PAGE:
Journal of the Association for Information Science



Bert R. Boyce




Jack Belzer, January 16, 1910 - June 22, 1995
Anthony Debons




Correspondence Factor Analysis of the Publication Patterns of 48 Countries over the Period 1981-1992
Jean-Christophe Doré, Tiiu Ojasoo, Yoshiko Okubo, Thomas Durand, Gérard Dudognon, and Jean-François Miquel

Doré describes the learned publication output of the 48 most prolific countries in the Institute for Scientific Information database from 1981-1992. Data reduction is completed using Correspondence Factor Analysis which creates maps similar to those produced by multidimensional scaling. Countries are related to one another and to 17 disciplinary areas identified by ISI. Unlike Principle Components Analysis the distances are not Euclidean but Chi Square metrics giving the probability of a statistical link between countries and disciplines.




Multiple Search Sessions Model of End-User Behavior: An Exploratory Study
Amanda Spink

Multiple end-user searches appear to be the norm with needs and strategies changing over time. Nearly 80% of a sample of users interviewed by Spink were in the first stage of their information-seeking behavior. Over half of the multiple search users reported they were in stage one of a five-stage scale toward completion, 6% in stage two, and 40% in one of the last three stages. Multiple searches over the life of the project are common. Search terms and strategies had been modified by 70% of the multiple search users.




Simulation Model for Journal Subscription by Libraries
Richard E. Quandt

Quandt's model assumes that libraries faced with rising journal costs will cut subscriptions, and publishers faced with falling subscriptions will raise prices. Not surprisingly it predicts large falls in subscriptions before[jyany stability is reached. Since cooperative subscription schemes, and non-subscription revenue sources are not modeled, and the actual cancellation policies likely to be in use are unclear, the value of this model seems theoretical.




Interlinking E-Mail Systems
Dale Hibner, Richard Bellaver, and Frank M. Groom

Hibner discusses, at a management rather than technical level, facilities for connecting local e-mail systems together to serve a whole widely dispersed organization. A global system must acquire name and location information from local systems on a continuous basis and translate it into the global format prior to updating its directory. A global system may simply match and forward messages, or it may maintain its own secure modem pool and a complete mailbox system. A gateway design connecting separate systems is also possible.




Reading the Bones: Information Content, Value, and Ownership Issues Raised by the Native American Graves Protection and Repatriation Act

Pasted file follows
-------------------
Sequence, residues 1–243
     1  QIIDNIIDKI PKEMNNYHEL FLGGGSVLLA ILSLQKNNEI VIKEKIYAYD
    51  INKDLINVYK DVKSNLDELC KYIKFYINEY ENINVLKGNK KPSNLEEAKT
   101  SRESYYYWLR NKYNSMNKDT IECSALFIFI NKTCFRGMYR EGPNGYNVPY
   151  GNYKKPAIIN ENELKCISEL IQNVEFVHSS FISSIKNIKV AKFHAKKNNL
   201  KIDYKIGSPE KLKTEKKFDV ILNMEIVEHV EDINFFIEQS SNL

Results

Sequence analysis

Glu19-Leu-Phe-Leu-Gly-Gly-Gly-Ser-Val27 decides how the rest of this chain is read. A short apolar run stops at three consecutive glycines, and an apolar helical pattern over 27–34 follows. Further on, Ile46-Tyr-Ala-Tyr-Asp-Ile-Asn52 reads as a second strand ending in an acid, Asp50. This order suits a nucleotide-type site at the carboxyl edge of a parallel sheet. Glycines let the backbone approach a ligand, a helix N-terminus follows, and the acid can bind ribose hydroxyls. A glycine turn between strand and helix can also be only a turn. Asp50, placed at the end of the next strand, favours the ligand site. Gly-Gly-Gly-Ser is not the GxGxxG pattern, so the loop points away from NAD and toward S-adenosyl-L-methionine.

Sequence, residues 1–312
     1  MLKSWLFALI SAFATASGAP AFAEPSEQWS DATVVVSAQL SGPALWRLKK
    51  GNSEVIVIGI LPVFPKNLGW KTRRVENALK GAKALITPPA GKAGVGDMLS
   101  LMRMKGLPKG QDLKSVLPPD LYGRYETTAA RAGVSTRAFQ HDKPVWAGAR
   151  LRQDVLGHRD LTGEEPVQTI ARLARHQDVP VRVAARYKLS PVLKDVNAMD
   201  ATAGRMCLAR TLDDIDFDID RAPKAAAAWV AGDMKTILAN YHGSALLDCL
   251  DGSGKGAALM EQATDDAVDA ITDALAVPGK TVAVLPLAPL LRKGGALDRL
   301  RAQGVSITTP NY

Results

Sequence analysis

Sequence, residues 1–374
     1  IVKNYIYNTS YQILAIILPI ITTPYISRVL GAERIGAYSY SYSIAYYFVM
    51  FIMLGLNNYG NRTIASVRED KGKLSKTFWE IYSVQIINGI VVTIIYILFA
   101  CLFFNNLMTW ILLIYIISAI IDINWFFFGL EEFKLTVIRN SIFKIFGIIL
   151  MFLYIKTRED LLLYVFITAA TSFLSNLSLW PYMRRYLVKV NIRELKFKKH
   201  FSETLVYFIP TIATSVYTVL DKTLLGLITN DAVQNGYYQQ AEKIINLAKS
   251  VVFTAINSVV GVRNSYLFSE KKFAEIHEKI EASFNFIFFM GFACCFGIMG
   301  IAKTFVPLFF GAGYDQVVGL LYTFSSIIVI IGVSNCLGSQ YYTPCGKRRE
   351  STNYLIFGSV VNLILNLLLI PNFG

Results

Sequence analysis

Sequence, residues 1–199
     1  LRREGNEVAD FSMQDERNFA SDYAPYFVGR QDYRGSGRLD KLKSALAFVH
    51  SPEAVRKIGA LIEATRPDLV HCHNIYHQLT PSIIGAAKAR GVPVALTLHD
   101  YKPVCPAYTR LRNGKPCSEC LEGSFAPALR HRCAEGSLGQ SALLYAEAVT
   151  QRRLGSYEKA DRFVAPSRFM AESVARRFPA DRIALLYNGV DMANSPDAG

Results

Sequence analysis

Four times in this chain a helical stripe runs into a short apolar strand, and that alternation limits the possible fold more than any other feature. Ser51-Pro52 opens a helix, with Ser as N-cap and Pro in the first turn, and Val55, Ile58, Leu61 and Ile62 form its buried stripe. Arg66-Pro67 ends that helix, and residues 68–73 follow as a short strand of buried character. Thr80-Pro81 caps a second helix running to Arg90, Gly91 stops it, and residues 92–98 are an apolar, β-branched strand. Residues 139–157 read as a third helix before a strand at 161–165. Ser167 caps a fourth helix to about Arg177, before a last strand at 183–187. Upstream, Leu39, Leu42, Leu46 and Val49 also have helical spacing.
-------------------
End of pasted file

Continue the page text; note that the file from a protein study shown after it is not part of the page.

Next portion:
Teresa Olwick Grose

The informational aspects of human remains and artifacts provide a unique viewpoint for an intriguing contribution by Grose. The Native American Graves Protection and Repatriation Act considers the items it protects valuable because of the information they convey about the culture of their origin, and implies that the original owners of their descendants identify which objects are to be within the scope of the law. Provenance of the objects instills most of their religious and symbolic value just as it provides most of its scientific value to the archaeologist. But both the provenance and the object are necessary; the medium and its messages are inseparably linked. Field notes and other records may thus be included in the scope of the act. Ownership of scientific data and the right to free exchange of information here seem conflicted with personal privacy and confidentiality.




Method for Evaluation of Stemming Algorithms Based on Error Counting
Chris D. Paice 

Two articles address quite different aspects of the retrieval problem. Paice develops measures to evaluate a stemming algorithm based upon ideal groupings prepared manually. The indices developed, while they very considerably from one word source to another, seem to produce consistent rankings. It is possible to distinguish among heavy and light algorithms, where a light stemmer will make few overstemming errors but leave many understemming errors in place, and a heavy stemmer will attempt to go forward even with a high risk of overstemming and thus conflate terms with distinct meanings.




Levels of Citation Relations between Papers
P. Pichappan 

Using terminology from Ranganathan, Pichappan suggests a four-type classification scheme for citations. Type 1 relationships, require both cited and citing papers to be basically similar. Type 2 relationships imply that the cited paper forms the body of the discussion; type 3 that the whole of the cited paper relates to part of the citing paper. Type 4 relationships presuppose a similarity between small parts of both the cited and citing paper. Assuming that proper evaluations could be made as to the class of each citation relationship, it is speculated that the use of only type 1 citation relationships to compute document document similarity classes would result in the clustering of highly similar documents.




Telecommunications Politics: Ownership and Control of the Information Highway in Developing Countries
edited by Bella Mody, Johannes M. Bauer, and Joseph D. Staubhaar
Reviewed by Alice Robbin




The Impact of Emerging Technologies on Reference Service and Bibliographic Instruction
edited by Gary M. Pitkin
Reviewed by Donald R. Smith




Human Factors in Information Systems: Emerging Theoretical Bases
edited by Jane M. Carey
Reviewed by Thomas A. Peters





ASIS HomeSearch ASISMake A Comment

© 1998 , Association for Information Science
Last update: November 06, 1998